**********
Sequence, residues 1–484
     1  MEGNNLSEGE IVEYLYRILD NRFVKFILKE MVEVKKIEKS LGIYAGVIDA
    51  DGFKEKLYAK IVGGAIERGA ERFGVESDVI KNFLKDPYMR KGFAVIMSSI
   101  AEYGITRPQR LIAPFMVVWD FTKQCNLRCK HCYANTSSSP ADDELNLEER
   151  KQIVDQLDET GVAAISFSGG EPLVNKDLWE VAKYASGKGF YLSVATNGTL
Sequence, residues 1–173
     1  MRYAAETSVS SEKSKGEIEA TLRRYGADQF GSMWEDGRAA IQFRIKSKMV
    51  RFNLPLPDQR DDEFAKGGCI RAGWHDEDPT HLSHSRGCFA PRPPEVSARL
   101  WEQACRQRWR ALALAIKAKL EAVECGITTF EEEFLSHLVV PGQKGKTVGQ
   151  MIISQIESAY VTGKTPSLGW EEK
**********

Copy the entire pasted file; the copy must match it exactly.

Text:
Sequence, residues 1–484
     1  MEGNNLSEGE IVEYLYRILD NRFVKFILKE MVEVKKIEKS LGIYAGVIDA
    51  DGFKEKLYAK IVGGAIERGA ERFGVESDVI KNFLKDPYMR KGFAVIMSSI
   101  AEYGITRPQR LIAPFMVVWD FTKQCNLRCK HCYANTSSSP ADDELNLEER
   151  KQIVDQLDET GVAAISFSGG EPLVNKDLWE VAKYASGKGF YLSVATNGTL
Sequence, residues 1–173
     1  MRYAAETSVS SEKSKGEIEA TLRRYGADQF GSMWEDGRAA IQFRIKSKMV
    51  RFNLPLPDQR DDEFAKGGCI RAGWHDEDPT HLSHSRGCFA PRPPEVSARL
   101  WEQACRQRWR ALALAIKAKL EAVECGITTF EEEFLSHLVV PGQKGKTVGQ
   151  MIISQIESAY VTGKTPSLGW EEK